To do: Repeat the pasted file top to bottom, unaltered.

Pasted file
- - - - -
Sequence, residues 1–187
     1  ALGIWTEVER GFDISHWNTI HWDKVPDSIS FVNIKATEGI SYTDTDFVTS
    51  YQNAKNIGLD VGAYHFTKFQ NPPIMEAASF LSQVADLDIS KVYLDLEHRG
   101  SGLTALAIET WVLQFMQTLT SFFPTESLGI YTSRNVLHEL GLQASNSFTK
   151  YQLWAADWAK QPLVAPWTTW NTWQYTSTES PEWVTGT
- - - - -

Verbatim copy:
Sequence, residues 1–187
     1  ALGIWTEVER GFDISHWNTI HWDKVPDSIS FVNIKATEGI SYTDTDFVTS
    51  YQNAKNIGLD VGAYHFTKFQ NPPIMEAASF LSQVADLDIS KVYLDLEHRG
   101  SGLTALAIET WVLQFMQTLT SFFPTESLGI YTSRNVLHEL GLQASNSFTK
   151  YQLWAADWAK QPLVAPWTTW NTWQYTSTES PEWVTGT